Editorial: Alex Kozinski’s retirement doesn’t end the discussion about sexual harassment in the judiciary


Judge Alex Kozinski was stating the obvious Monday when he said that he couldn’t contest more than a dozen allegations of sexual misconduct and “be an effective judge.” As a consequence, the Pasadena-based jurist announced, he was retiring after three decades on the U.S. 9th Circuit Court of Appeals. His announcement brings an abrupt and embarrassing — but also appropriate — end to a distinguished career.

The Washington Post reported this month that six women who had worked for Kozinski had said he had subjected them to inappropriate sexual conduct or comments, including showing two of them pornography. The judge’s first reaction was dismissive: “If this is all they are able to dredge up after 35 years, I am not too worried,” he told this newspaper.

But last week the Post reported that nine additional women had made complaints, including four who said Kozinski had touched them inappropriately. A former law student said he touched her breast with “deliberateness” at a reception last year when he moved her lapel aside to read her name tag. A law professor said he pinched her and touched her leg.


It’s impossible to reconcile Judge Kozinski version of events with those of his accusers.

Those allegations describe gross conduct beyond anything that could be characterized as mere irreverence or eccentricity, qualities for which the 67-year-old judge long has been known, along with legal brilliance. Nor can it be compared to the private perusal of pornography, a practice that is as legal for judges as it is for other Americans.

Still, Kozinski tried to explain away his predicament as some kind of misunderstanding. “I’ve always had a broad sense of humor and a candid way of speaking to both male and female law clerks alike,” the judge said Monday. “In doing so, I may not have been mindful enough of the special challenges and pressures that women face in the workplace. It grieves me to learn that I caused any of my clerks to feel uncomfortable; this was never my intent. For this I sincerely apologize.”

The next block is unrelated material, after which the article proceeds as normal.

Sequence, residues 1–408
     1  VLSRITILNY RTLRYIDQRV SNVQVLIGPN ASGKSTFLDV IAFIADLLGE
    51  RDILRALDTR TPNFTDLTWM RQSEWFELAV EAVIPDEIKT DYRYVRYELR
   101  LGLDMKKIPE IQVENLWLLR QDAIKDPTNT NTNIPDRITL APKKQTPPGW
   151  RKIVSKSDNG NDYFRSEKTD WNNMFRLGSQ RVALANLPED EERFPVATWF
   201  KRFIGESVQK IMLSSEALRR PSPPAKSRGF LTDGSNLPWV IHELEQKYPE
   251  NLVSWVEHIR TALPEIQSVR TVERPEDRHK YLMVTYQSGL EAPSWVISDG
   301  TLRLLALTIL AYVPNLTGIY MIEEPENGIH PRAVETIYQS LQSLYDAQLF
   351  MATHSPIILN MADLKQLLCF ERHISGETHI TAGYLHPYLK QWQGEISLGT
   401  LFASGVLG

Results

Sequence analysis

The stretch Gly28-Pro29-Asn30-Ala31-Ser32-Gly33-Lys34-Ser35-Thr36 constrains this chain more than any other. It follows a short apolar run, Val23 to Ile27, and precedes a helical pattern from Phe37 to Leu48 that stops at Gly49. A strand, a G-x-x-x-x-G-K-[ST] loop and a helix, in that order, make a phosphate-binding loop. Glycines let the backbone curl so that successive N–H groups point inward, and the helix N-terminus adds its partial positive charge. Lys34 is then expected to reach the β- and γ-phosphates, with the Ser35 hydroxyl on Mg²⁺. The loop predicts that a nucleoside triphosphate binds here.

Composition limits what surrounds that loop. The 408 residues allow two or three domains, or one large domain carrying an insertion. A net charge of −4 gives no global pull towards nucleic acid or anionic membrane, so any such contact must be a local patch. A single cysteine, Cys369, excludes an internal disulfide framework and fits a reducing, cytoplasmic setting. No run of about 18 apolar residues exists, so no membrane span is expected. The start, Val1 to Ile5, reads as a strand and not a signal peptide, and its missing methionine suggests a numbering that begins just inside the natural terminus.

It’s impossible to reconcile the judge’s version of events with those of his accusers. In fact, in an earlier statement, the judge had said that many of the accusations against him “are simply not true.” Unfortunately, it’s unlikely that the federal judicial system will now resolve the inconsistencies.

Last week, at the request of the chief judge of the 9th Circuit, U.S. Supreme Court Chief Justice John G. Roberts Jr. asked the New York-based U.S. 2nd Circuit Court of Appeals to have its judicial council investigate Kozinski. But now that Kozinski has announced his retirement, the future of that investigation is in doubt. On Monday a spokesman for the Administrative Office of the U.S. Courts declined to comment on whether it would proceed. The law authorizing such investigations doesn’t specifically mention retired judges.


Yet even if there is no further investigation of the claims about Kozinski, the federal judiciary should rededicate itself to ensuring that the cloisters of judges’ chambers aren’t sanctuaries for sexual harassment or other forms of abuse and exploitation.

Last week, several law professors and the executive director of Fix the Court, a group that lobbies for greater Supreme Court transparency, asked Roberts to use his forthcoming Year-End Report on the Federal Judiciary to “assure those considering coming forward with complaints about members of the judiciary that they will be heard and that justice will be done.” The letter also asked the chief justice to add prevention of sexual harassment to the agenda of the next meeting of the U.S. Judicial Conference.

As the revelations about Harvey Weinstein reminded us, some influential people will abuse their power to take advantage of women (and men) who are dependent on them for their livelihoods and professional advancement. The judiciary is not immune, and its leaders should join the rest of society in making sure its workplaces are safe for all.

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